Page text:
Welcome to the Impact Conversation
This collection of articles highlights the of social and behavioral science research, and interrogates the metrics by which this impact is measured.
We want to hear your thoughts, ideas, experiences and concerns about research impact and its measurement. Join the conversation using #SocialScienceImpact, comment on the articles below, or send us your thoughts at email@example.com.
The Organization Studies and SAGE Student Paper Impact Award is awarded annually to reward post-graduate students who have written a paper that has generated considerable societal impact.
The annual award ceremony for the Golden Goose Award will take place on September 14, 2022, starting at 6:30 p.m. […]
Through the SSRC’s Mercury Project, a first cohort of 12 teams from 17 countries is tasked with researching locally tailored solutions on how bad health information spreads, how to combat it, how to build stronger information systems, and how to increase COVID-19 vaccination rates.
An academic paper that asserts you can present nearly any research finding as significant would be widely read and cited has received more that 4,000 citations since it was published in 2011.
The story of the book ‘Nudge’ offers insights into what can happen when research has an unpredictably large impact in the world of politics and policy
“When you educate a man, you educate a person, but when you educate a woman, you educate an entire generation.” The same applies to empowering women to find their footing in organized employment.
A 2011 paper on Amazon’s then-new and innovative Mechanical Turk, which among other things crowdsources prospective participants for social and behavioral research via an online marketplace, has garnered 7,500 citations in the subsequent decade.
One reason that many social scientists care about impact is that they see in social science the promise of and a path for knowledge – data, analysis, concepts – shaping the world they want to make.
A paper looking at the Danish National Patient Register has proved one of the most cited papers published by SAGE in 2011.
Can ethnography, long characterized as a lower tier of evidence in studying drug use, find things other approaches miss?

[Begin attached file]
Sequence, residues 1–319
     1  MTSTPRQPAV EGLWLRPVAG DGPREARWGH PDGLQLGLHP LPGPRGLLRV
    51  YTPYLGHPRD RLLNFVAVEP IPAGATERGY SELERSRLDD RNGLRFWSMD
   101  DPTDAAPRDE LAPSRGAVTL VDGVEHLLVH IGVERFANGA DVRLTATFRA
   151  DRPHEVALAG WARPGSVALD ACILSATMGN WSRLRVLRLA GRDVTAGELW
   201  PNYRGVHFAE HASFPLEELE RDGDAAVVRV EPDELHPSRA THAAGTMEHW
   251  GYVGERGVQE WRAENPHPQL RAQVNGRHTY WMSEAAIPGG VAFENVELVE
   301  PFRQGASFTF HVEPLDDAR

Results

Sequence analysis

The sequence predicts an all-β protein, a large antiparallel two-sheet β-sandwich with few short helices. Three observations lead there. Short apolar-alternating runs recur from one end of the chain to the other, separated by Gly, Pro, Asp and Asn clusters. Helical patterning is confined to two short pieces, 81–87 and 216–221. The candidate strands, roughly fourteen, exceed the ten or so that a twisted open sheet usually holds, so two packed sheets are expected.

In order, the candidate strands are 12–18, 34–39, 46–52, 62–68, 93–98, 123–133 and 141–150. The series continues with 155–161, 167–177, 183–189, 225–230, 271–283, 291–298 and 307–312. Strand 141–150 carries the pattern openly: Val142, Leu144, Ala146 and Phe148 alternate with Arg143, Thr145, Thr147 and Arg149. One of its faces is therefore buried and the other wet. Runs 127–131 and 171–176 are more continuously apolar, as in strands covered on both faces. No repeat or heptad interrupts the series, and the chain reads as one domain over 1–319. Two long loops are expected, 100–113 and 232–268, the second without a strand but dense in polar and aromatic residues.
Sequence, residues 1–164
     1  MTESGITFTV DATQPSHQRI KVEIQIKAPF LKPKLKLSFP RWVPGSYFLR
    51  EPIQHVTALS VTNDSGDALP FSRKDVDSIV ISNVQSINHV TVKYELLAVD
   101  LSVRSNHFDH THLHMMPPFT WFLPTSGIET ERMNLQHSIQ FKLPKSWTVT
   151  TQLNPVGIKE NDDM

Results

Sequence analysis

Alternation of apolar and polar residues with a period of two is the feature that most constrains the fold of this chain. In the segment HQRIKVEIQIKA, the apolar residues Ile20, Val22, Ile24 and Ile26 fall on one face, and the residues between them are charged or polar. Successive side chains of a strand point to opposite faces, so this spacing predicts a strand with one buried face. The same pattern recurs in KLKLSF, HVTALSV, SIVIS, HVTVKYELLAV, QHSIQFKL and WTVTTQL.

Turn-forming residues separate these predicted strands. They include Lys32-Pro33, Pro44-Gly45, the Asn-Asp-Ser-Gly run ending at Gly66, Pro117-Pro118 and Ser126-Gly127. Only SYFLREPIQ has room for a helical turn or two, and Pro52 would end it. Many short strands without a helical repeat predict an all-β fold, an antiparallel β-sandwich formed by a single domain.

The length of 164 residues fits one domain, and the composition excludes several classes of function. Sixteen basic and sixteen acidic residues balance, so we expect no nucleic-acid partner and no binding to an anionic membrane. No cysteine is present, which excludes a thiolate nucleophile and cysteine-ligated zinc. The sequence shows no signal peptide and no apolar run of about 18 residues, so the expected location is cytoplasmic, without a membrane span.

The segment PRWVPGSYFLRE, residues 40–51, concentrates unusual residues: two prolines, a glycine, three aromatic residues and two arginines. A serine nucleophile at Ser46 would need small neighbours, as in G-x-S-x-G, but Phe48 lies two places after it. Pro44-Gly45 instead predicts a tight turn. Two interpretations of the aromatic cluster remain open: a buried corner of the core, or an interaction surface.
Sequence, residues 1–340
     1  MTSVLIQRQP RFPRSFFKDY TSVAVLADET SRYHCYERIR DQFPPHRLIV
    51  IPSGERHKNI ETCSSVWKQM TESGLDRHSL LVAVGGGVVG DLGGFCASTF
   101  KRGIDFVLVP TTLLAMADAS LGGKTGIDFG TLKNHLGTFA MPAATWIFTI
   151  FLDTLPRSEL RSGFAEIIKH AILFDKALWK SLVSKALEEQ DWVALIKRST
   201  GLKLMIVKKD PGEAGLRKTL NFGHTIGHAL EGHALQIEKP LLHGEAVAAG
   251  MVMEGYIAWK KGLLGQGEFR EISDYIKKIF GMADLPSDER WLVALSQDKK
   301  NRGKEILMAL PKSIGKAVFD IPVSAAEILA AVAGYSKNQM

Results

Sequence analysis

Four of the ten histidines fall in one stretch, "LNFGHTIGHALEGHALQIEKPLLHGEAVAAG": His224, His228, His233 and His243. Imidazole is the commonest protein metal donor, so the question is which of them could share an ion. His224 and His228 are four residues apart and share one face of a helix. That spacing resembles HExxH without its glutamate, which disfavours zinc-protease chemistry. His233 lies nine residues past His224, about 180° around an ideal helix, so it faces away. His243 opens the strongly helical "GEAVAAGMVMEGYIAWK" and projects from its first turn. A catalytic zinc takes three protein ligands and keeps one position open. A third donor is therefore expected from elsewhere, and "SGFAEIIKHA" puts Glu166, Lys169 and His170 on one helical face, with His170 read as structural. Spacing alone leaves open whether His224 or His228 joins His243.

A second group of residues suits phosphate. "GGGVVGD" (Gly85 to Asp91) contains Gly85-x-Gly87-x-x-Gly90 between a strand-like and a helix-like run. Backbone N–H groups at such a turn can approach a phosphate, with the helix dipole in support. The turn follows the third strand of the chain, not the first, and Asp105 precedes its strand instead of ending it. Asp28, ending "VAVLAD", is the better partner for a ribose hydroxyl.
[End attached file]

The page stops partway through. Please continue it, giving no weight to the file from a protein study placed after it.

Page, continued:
How can organizations get their members to engage in sustainability practices? The authors outlines several mechanisms.
If traditional filters of prestige are themselves steeped in a set of tacit values that may no longer adequately respect the modes of labor (or the laborers themselves), then when better to step back for a moment to ask what we are counting — and why?
One way or another, the Journal Citation Reports today play an outsized role in determining whose careers thrive and whose careers whither and which journals flourish or fade away.
In this post, Holly Slay Ferraro, an associate professor in the Villanova School of Business and Academic Director for DEI […]
Most academic research on climate change at the nexus of business and society supports a view that the best agenda is enlightened business-as-usual. The authors suggest real progress needs to account for the flow of time and primacy of place.
Not one single metric can encapsulate the importance of a field, notes Digital Science’s Mike Taylor, and in fields where broader uptake is slower, this is especially true.
Organization studies professor Laura Rovelli, one of the advisory board members for the Declaration on Research Assessment, or DORA, discusses some of the components of impact beyond citation count and how we can harness those components.
‘Scholars from the periphery’ often pay a price — unintentional but no less real — for their geography. In this […]
In this second response to Ziyad Marar’s thought piece “On Measuring Social Science Impact” from Organizational Studies, Anne-Wil Harzing, professor of international management and staff development lead at Middlesex University Business School, sets the stage for further discussion by defining impact in terms of progressing scientific knowledge, developing critical thinking, and addressing societal problems.
In this first response to Ziyad Marar’s thought piece “On Measuring Social Science Impact,” professor Sue Fletcher-Watson, who represents a field where the direct purpose is to improve the quality of life for a group of individuals, shares why current metrics fall short and what we can do about it.
The following essay by Ziyad Marar is adapted from “On Measuring Social Science Impact,” published in the journal Organization Studies. To […]
The challenge of climate change is enormous and requires an all-of-science effort. Psychologists must be part of the solution.
Quantification can reformulate something as complex and multidimensional as teaching into a one-dimensional score. And such a score gives the possessor a sense of control and understanding. But, given the implications of quantification, this is an illusion.
Good social science research has ultimate social relevance. In Nigeria, however, the authors’ study shows that research evidence and policies are disconnected.
For researchers in civil society organizations publishing and collaborating with academics on mutually beneficial projects is uncommon. Oxfam’s Franziska Mager discusses the barriers and benefits to research that brings together charities and academia and how this reflects different valuations of impact.